In a sentence buried at the very bottom of a story making headlines nationwide, Politico revealed for the first time one of the funders of Columbia University’s influential Center on Global Energy Policy (CGEP).
The funder: ExxonMobil, the company embroiled in a New York state Attorney General investigation for its extensive internal knowledge of the impacts of climate change since the 1970s, followed by Exxon’s funding of climate change denial campaigns to the tune of $31 million. Politico got its numbers from ExxonMobil’s 2014 Worldwide Contributions and Community Investments report.
While Politico reported on Exxon’s grievances about the Los Angeles Times’ two–part investigation conducted by students and staff at Columbia University’s Graduate School of Journalism that exposed what Exxon knew about climate change science and when it knew it, it also touched on what money currently flows into the University’s coffers via the “private empire.”
“Through its foundation, Exxon gave $219,229 to Columbia in 2014 as part of a matching gift program for educational institutions, as well as $9,000 in direct grants,” reads the article’s final paragraph. “The company also gave $25,000 last year to the markets program at the university’s Center on Global Energy Policy.”
DeSmog has long sought to discover who funds CGEP and has sent multiple rounds of information requests to the Center, never receiving a response.
The watchdog group Checks and Balances Project, which contacted DeSmog months back about CGEP and its lack of disclosure regarding funding, has also written multiple rounds of letters to the Center and also received no response.
Checks and Balances Project wrote letters to CGEP, published here for the first time on DeSmog, asking for clarification about who butters its bread in both September 2014 and January 2015.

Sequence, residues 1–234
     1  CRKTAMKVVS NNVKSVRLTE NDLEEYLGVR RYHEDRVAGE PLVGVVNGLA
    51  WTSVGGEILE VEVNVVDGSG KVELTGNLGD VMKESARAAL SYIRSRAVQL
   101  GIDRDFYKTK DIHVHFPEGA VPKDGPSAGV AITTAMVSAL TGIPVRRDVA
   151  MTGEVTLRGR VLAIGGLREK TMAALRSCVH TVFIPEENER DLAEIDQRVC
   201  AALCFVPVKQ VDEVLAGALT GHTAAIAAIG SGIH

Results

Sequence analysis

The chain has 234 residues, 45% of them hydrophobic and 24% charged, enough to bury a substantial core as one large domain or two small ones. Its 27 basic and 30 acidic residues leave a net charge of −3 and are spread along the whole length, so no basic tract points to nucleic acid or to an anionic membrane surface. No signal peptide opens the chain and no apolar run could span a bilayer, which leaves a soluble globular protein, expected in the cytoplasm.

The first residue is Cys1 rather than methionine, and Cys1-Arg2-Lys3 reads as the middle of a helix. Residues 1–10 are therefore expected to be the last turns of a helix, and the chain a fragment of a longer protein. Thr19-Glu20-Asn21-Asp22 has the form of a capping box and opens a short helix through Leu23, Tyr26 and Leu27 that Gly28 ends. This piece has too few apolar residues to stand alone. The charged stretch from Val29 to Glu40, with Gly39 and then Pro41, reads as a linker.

Academic Veneer, Advocacy Reality
As reported previously by DeSmog, CGEP has used the veneer of academia and traded on the Columbia University brand to serve as a leading advocate for exporting oil obtained via hydraulic fracturing (“fracking”) to the global market, as well as for Mexico’s energy sector privatization and other energy issues.
“If you were looking for a success story in starting up a brand new group at your university and having it very quickly jump into a leading role in the national energy policy debate, Columbia’s CGEP represents the gold standard,” wrote DeSmog’s Justin Mikulka back in October. “On the surface the formula is pretty simple, although perhaps not easily replicated without some deep-pocketed funders.”
The Center is headed by Jason Bordoff, former special assistant to President Barack Obama and senior director for energy and climate change for the National Security Council. Bordoff has not responded to multiple requests for comment on CGEP‘s funding stream sent by DeSmog.
With 22 fellows and 19 faculty affiliates staffed at CGEP — with backgrounds ranging from Wall Street bank oil trading, a U.S. ambassador, an industry executive, industry consultants, etc. — one can probably safely bet that the $25,000 Exxon gave to the Center merely serves as pennies to the dollar in terms of overall industry bucks buttering CGEP‘s bread. DeSmog will continue digging for answers.
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